The jury's findings of fact will be set aside only if there is no material evidence to support the verdict. Tenn. R. App. P. 13(d). Appellate review of the denial of a motion for directed verdict or a JNOV in negligence cases is discussed in Eaton v. McLain, 891 S.W.2d 587 (Tenn. 1994). In deciding whether to grant a directed verdict or a JNOV, the trial court must take the strongest legitimate view of the evidence in favor of the non-moving party and discard all countervailing evidence. Id. at 590. If any doubt exists as to the proper conclusions to be drawn from the evidence, the motion must be denied. Id. If both the plaintiff and the defendant engaged in negligent conduct that proximately caused the injuries, the trial court must determine whether reasonable minds could differ on whether the plaintiff's negligence was equal to or greater than that of the defendant. Id. If there is material evidence to support the finding that the defendant's negligence was greater than the plaintiff's negligence, we must affirm.

Jones Brothers argues first that there was no evidence of negligence in the design or implementation of the haul road crossing or in the actions of the flagger. However, the plaintiff presented evidence of negligence in failing to post a reduced speed limit well in advance of the haul road crossing. Bret Alsobrooks ("Alsobrooks"), the project supervisor, testified that the project was 9.2 miles long, that there was only one haul road crossing within the project, and that the speed limit was 55 m.p.h. throughout the entire length of the project. Signs were placed in various places before the haul road crossing, one of them warning motorists to be prepared to stop, but there were no signs reducing the speed limit in the approach to the crossing.

The plaintiff also presented evidence of negligence in the placement of the flaggers. Alsobrooks testified that the metal plates placed across the highway to create the haul road were twenty feet wide. Each flagger was placed thirty feet away from the plates on either side of the crossing. The flaggers were placed close to the crossing and to each other in part to facilitate communication between the two flaggers and between the flaggers and the scraper operators.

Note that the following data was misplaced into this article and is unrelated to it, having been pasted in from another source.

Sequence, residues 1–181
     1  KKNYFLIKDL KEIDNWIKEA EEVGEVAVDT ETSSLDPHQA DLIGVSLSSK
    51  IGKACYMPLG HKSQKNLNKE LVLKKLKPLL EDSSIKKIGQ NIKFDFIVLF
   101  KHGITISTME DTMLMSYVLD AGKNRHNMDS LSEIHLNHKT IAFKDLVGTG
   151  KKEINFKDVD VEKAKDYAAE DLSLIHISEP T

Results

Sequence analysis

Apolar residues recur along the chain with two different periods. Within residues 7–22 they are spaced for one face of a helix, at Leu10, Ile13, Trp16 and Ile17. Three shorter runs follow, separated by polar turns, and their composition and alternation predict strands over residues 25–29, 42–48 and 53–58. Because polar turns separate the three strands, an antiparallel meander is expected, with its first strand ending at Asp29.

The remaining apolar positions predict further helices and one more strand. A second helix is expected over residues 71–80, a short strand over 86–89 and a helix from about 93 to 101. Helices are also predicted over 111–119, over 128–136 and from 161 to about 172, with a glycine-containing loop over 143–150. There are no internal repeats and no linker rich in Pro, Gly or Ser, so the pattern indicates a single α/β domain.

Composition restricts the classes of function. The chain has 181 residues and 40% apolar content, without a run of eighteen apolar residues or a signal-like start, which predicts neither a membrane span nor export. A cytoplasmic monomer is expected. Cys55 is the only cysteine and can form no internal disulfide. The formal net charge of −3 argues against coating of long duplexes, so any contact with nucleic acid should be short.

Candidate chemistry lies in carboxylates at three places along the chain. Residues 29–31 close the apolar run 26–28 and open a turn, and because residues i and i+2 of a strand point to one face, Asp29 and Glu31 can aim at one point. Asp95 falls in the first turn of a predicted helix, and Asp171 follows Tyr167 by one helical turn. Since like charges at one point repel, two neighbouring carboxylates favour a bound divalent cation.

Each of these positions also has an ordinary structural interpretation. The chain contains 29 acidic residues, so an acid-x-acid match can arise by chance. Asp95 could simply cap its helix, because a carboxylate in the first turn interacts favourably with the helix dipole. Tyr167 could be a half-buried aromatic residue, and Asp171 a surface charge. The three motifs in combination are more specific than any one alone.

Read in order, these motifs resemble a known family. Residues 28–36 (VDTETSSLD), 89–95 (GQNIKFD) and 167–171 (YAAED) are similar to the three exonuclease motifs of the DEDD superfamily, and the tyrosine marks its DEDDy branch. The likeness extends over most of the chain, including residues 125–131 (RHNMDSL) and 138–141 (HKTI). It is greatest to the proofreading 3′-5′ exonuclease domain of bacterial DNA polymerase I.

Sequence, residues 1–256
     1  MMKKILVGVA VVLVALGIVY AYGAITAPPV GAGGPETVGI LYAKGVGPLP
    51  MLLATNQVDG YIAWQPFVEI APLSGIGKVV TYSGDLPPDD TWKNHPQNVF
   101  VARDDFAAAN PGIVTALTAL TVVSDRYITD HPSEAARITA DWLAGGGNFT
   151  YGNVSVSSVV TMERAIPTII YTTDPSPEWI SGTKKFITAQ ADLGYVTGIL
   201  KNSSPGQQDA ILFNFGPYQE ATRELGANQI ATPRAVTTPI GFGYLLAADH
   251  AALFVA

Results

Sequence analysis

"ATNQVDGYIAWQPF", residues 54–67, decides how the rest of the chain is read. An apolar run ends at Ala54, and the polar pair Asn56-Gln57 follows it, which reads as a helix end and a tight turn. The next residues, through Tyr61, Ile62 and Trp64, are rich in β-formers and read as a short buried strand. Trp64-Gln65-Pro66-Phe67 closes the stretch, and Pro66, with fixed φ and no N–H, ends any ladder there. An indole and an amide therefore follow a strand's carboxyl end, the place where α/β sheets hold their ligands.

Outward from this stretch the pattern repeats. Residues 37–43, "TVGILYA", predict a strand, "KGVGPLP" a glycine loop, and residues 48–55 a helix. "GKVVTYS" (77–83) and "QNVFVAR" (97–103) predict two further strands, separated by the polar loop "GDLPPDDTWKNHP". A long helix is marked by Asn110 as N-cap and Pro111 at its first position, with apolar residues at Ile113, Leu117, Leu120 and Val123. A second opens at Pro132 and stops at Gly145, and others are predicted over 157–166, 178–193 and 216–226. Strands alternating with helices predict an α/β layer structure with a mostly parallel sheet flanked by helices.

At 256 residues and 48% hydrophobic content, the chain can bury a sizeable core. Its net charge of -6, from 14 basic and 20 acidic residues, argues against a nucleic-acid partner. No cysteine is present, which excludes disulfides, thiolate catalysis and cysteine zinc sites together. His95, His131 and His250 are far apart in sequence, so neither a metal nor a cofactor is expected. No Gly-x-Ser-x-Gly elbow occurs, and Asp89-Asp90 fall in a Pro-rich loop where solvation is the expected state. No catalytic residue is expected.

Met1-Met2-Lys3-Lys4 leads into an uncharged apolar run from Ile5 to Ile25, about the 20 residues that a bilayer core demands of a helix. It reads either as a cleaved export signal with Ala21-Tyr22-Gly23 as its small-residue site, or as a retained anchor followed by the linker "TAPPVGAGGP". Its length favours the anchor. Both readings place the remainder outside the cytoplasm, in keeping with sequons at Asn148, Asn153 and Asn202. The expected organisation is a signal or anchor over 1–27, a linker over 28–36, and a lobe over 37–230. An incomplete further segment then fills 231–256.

Alsobrooks testified on the provisions of the Manual of Uniform Traffic Control Devices ("MUTCD") regarding the placement of flaggers. It provides: "Flaggers stations shall be located far enough in advance of the worksite so that approaching traffic will have sufficient distance to reduce speed before entering the project. This distance is related to approach speed and physical conditions at the site; however 200 to 300 feet is desirable. In urban areas when the speeds are low and streets closely spaced, the distance necessarily must be decreased." Manual of Uniform Traffic Control Devices, Section(s) 6F-5.

Stating that the MUTCD was only a "guide," Alsobrooks testified that placing the flaggers thirty feet from the crossing was preferable to the distance designated in the MUTCD, so that the flaggers could see each other and coordinate turning their "Stop/Slow" paddles, and so they could step into the haul road crossing to stop an approaching scraper if an emergency vehicle approached. Alsobrooks testified that using walkie talkies would not have been practical.

The plaintiff also presented evidence that Jones Brothers was aware that the design and implementation of the haul road crossing was insufficient to stop traffic. Arellanes, the flagger, testified that there had been other instances when approaching motorists had not slowed down.

Moreover, Holland, the scraper operator, testified that he saw the Scotts' car approaching, that it did not appear to slow down, and that he had time to stop the scraper, but that he assumed the Scotts' car would stop. Holland also testified that a hand signal could have been used to warn him not to enter the crossing but that no one used the signal.

It is apparent that there was material evidence from which the jury could have concluded that the warning signs approaching the haul road crossing were inadequate, that the failure to reduce the speed limit approaching the crossing was negligent, that the flaggers were placed too close to the crossing, and that the scraper could have stopped but failed to do so. Therefore, there was material evidence to support the jury's conclusion that Jones Brothers was negligent and that Jones Brothers' negligence exceeded the negligence of Floyd Scott.

Jones Brothers also alleges error in the trial court's jury instructions. The Tennessee Rules of Appellate Procedure provide: "(b) Effect of Error. A final judgement from which relief is available and otherwise appropriate shall not be set aside unless, considering the whole record, error involving a substantial right more probably than not affected the judgement or would result in prejudice to the judicial process. Tenn. R. App. P. 36(b); see Blackburn v. Murphy, 737 S.W.2d 529, 533-34 (Tenn. 1987).

Therefore, regardless of alleged error, the verdict will not be set aside if "ample convincing evidence exists to sustain the verdict of [the] jury." Blackburn, 737 S.W.2d at 534.